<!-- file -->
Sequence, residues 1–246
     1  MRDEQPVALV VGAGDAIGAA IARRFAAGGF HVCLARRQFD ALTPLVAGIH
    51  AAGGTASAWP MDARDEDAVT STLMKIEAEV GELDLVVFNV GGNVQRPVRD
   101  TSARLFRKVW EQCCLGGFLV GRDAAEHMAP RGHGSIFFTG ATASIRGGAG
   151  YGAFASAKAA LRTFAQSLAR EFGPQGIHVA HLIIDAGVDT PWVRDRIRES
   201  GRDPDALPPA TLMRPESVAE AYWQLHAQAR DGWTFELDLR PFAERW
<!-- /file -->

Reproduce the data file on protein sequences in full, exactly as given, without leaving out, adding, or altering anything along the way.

Sequence, residues 1–246
     1  MRDEQPVALV VGAGDAIGAA IARRFAAGGF HVCLARRQFD ALTPLVAGIH
    51  AAGGTASAWP MDARDEDAVT STLMKIEAEV GELDLVVFNV GGNVQRPVRD
   101  TSARLFRKVW EQCCLGGFLV GRDAAEHMAP RGHGSIFFTG ATASIRGGAG
   151  YGAFASAKAA LRTFAQSLAR EFGPQGIHVA HLIIDAGVDT PWVRDRIRES
   201  GRDPDALPPA TLMRPESVAE AYWQLHAQAR DGWTFELDLR PFAERW